A conceptual integration of job design and compensation draws on interdisciplinary job design, job evaluation, and labor economic theory. It is argued that job design influences the number and level of skills required and the degree to which jobs are physically aversive or hazardous. External labor markets also respond to skill and physical requirements. Job evaluation links job design and market forces by analyzing jobs’compensable factors that reflect these requirements, and then relating them to the market through wage surveys across firms. An empirical examination presents relationships between job design and pay or job evaluation measures. Strongly supportive results replicate in two separate samples (total n = 213 jobs) which differ in industries, job types, skill levels, job design measures, job evaluation measures, and labor markets. Motivational job design had higher job evaluation measures reflecting higher skill requirements, and mechanistic and perceptual/motor design had lower evaluation measures reflecting lower skill requirements. Biological design had lower evaluation measures reflecting physical requirements.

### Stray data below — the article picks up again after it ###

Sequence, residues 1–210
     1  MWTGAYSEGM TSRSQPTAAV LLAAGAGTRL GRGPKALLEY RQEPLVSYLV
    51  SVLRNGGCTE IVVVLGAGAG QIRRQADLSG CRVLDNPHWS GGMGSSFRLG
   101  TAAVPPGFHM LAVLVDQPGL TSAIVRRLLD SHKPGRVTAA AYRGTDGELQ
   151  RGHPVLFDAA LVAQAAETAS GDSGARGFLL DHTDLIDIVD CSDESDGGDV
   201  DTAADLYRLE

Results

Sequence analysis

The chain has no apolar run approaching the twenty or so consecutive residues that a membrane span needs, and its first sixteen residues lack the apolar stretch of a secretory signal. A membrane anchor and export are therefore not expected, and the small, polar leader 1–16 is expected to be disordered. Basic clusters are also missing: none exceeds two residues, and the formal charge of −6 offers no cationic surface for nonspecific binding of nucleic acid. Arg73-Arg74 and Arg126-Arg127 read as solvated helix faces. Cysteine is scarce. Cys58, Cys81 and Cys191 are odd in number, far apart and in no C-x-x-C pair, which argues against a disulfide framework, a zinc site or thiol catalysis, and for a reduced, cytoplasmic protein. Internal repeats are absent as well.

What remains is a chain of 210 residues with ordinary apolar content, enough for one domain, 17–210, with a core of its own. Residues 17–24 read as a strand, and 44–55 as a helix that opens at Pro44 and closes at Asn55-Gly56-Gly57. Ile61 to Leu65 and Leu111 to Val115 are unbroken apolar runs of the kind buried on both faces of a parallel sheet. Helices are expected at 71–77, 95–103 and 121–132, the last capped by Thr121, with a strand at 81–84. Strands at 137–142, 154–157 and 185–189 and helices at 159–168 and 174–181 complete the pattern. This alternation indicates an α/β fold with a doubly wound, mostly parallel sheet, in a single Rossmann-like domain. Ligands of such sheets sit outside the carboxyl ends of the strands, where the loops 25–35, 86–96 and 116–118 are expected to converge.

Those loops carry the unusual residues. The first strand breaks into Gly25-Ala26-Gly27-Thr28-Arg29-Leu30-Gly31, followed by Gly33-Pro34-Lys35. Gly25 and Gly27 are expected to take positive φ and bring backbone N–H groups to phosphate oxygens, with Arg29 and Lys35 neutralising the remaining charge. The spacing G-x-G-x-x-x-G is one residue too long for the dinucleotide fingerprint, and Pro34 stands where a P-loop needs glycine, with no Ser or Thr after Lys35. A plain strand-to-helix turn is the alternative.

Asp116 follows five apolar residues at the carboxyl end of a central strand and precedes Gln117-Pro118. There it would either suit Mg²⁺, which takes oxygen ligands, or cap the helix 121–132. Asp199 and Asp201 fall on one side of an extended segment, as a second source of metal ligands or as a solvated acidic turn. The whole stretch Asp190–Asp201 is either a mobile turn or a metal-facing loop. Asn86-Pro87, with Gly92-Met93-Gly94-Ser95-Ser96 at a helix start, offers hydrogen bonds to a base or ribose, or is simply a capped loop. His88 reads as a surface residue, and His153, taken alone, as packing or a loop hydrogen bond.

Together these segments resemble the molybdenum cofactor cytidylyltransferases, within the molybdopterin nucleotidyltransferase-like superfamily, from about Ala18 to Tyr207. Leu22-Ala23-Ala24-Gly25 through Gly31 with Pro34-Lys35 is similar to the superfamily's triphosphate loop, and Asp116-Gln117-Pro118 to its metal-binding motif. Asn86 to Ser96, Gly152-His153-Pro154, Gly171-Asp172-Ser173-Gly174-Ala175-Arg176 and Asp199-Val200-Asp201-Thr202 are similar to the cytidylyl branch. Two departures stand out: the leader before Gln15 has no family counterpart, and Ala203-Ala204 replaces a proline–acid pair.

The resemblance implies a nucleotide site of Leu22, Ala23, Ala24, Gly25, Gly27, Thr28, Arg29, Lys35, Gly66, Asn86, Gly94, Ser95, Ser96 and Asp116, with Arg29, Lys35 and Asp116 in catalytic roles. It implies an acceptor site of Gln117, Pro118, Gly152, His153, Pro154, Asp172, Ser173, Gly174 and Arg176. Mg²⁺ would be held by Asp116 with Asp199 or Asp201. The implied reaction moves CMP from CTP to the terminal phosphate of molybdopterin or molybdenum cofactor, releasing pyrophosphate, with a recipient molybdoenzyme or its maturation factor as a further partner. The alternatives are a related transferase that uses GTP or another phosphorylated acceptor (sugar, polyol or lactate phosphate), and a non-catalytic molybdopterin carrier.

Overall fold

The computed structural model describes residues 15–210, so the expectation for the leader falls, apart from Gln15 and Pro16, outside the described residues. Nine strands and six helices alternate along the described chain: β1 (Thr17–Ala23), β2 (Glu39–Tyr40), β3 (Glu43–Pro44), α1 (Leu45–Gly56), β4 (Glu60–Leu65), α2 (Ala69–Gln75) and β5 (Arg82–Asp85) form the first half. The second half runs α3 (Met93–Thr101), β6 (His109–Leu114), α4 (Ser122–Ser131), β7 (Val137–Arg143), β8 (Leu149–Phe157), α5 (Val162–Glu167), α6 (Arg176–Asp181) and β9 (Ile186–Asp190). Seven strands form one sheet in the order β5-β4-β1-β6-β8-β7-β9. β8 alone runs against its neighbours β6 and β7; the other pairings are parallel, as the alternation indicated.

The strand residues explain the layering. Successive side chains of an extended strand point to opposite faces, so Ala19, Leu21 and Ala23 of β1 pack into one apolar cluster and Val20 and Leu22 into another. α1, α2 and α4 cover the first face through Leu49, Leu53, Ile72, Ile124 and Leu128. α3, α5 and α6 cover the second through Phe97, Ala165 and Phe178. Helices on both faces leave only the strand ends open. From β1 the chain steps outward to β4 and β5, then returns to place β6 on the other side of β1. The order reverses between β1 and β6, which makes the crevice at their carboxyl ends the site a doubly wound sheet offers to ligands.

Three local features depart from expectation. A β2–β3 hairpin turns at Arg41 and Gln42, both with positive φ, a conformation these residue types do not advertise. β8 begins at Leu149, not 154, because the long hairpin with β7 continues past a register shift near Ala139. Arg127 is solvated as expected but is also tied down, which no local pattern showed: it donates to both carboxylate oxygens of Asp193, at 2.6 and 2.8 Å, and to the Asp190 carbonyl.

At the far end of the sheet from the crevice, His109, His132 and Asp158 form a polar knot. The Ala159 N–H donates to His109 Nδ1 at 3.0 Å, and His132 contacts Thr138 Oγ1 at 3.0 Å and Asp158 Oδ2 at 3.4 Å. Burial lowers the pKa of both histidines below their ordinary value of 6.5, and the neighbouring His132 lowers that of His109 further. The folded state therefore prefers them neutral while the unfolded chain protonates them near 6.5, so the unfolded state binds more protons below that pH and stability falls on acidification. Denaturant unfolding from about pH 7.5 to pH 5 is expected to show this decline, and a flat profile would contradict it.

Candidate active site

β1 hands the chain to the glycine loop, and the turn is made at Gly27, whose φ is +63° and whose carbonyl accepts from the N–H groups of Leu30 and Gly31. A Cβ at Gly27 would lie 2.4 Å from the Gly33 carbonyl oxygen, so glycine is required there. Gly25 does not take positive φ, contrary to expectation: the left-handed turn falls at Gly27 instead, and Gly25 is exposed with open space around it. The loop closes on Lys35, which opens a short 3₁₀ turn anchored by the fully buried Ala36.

Personnel Psychology – Wiley
Published: Sep 1, 1990
It’s your single place to instantly
discover and read the research
that matters to you.
Enjoy affordable access to
over 18 million articles from more than
15,000 peer-reviewed journals.
All for just $49/month
Query the DeepDyve database, plus search all of PubMed and Google Scholar seamlessly
Save any article or search result from DeepDyve, PubMed, and Google Scholar... all in one place.
Get unlimited, online access to over 18 million full-text articles from more than 15,000 scientific journals.
Read from thousands of the leading scholarly journals from SpringerNature, Wiley-Blackwell, Oxford University Press and more.
All the latest content is available, no embargo periods.
“Hi guys, I cannot tell you how much I love this resource. Incredible. I really believe you've hit the nail on the head with this site in regards to solving the research-purchase issue.”Daniel C.
“Whoa! It’s like Spotify but for academic articles.”@Phil_Robichaud
“I must say, @deepdyve is a fabulous solution to the independent researcher's problem of #access to #information.”@deepthiw
“My last article couldn't be possible without the platform @deepdyve that makes journal papers cheaper.”@JoseServera